Stereotypes abound. Women talk more than men is one of them. Have you ever heard men talking about their favourite subject, they’ll go on and on and bore you to death, adequately making up for lost word count absent during the rest of their lives. But ask them to talk about what they feel about something and most of them will honestly become mono-sylabic.
    Of course, what I did there, is to throw in a lazy stereotype about men. I know plenty of men that can talk adequately about their feelings, they just don’t want to. Prizing open a man for an emotional response too often, is like opening an oyster every day to check on the growth of a pearl.
    The point of writing, for me, is STORY and story is told by a narrator (US) hidden inside a character or characters. Whether male or female we don’t like stereotyped characters. Why? Because it’s usually a lazy piece of work (or person) that uses it. But it’s okay to use archetypes all the time. I think it’s because the archetype reflects some sort of ‘truth’ that we all share. A stereotype just reinforces a shallow belief around a behaviour or habit. If we want to read or indulge in that, the media is full of it.
    So, for your male characters, think about who you want them to be. Are they boys acting stereotypically male, like the ones you described, then ask yourself why? If you know why, you know their character. Then you can even use the stereotype as a device. Giving them something real and revealing to say (or know) at an important moment. As you rightly said in this piece, it’s all about character.
    I like writing that starts on the surface and works its way down. We’re introduced to characters acting superficially and stereotypically, speaking as such, but then as the story evolves, we get to see what lies beneath. (Sometimes. We can also leave them as they are, because that reflects life well too!)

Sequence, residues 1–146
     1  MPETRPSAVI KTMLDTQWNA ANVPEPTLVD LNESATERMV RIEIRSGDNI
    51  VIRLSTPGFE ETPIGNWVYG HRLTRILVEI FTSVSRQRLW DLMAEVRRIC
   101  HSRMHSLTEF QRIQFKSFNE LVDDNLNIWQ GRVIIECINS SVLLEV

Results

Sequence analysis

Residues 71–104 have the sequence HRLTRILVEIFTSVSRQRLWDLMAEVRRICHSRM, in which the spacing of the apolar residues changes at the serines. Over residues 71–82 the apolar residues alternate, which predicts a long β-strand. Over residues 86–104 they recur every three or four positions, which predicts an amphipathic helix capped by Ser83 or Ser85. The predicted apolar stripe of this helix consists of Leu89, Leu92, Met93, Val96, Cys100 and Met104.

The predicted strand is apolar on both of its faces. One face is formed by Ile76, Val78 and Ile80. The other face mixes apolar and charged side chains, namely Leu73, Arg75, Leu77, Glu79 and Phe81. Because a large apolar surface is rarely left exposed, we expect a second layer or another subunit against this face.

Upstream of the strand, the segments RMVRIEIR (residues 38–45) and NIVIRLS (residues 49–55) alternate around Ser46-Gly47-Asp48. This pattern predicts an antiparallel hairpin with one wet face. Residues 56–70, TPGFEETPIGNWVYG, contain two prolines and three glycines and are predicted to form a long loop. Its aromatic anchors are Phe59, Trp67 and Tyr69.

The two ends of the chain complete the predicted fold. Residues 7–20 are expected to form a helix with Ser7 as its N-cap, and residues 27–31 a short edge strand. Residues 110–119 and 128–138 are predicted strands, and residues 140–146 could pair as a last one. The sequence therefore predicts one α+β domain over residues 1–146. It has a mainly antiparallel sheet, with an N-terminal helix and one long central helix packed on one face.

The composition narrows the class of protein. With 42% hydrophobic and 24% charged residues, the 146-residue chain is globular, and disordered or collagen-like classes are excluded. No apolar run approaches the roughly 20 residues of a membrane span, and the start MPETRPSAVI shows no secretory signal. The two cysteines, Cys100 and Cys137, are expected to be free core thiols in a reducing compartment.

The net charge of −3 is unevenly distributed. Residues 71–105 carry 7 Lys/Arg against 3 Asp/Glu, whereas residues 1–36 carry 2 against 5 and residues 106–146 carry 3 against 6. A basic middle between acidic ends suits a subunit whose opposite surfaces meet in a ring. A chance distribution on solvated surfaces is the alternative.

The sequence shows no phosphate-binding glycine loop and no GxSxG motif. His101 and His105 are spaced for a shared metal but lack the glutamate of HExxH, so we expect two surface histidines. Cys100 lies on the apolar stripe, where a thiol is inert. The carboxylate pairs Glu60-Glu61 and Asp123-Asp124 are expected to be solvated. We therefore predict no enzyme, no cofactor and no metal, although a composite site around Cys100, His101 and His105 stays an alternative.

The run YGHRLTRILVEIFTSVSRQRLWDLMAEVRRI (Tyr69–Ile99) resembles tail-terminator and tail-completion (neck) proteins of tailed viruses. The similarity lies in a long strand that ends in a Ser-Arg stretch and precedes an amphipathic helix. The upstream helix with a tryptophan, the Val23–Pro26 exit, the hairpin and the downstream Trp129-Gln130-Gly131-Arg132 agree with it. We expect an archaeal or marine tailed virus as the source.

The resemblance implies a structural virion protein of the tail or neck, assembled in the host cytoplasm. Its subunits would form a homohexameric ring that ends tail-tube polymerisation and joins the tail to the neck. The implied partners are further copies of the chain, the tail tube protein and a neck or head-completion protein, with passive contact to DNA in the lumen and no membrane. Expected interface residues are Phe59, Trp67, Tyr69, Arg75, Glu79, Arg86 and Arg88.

The bottom line is – If your characters, male or female, don’t know what to say or how to say it, it’s just because you don’t either. (and by you, I include myself and anyone else who’s trying to write.) We all know members of the opposite sex, even if we wish we didn’t at times. Unless, L.Marie, you live in a nunnery… then I’m sure your powers of observation are as good as anyone else’s. But don’t make the mistake of trying to talk to boys with a boys voice. Just use your own. I’m sure ALL of your audience had a mother once, and respond adequately, if not profoundly to those resonating tones. (phew, went on a bit there, for a man, didn’t I!?!)

    • I really appreciate your insight. It’s so easy to give into the stereotype. And you’re right–I need to think about who I want this character to be. Right now, he’s a confused, angry young man who is rejected by some of the members of his family. His journey will be to come to a place of acceptance. He’s not one to talk about how he feels about anything. He’s more likely to lash out first.

      I reread a different novel that I wrote, especially to look over the dialogue of the 16-year-old love interest to my main character. He so readily talked about how he felt. Yet he was supposed to be a taciturn loner suffering from PTSD. So his dialogue rang false to me. I had to revamp all of it.

      One saving grace of my current novel is that it is written in third person. So I can act as the observer–presenting my characters’ perspectives to the world.

  2. Hilarious post! It just made the professor chuckle considerably! I definitely understand your dilemma. And I sort of agree with beatthemtodeathwiththeirownshoes. I’m not sure why the professor is so helplessly useless. But I did answer your polls!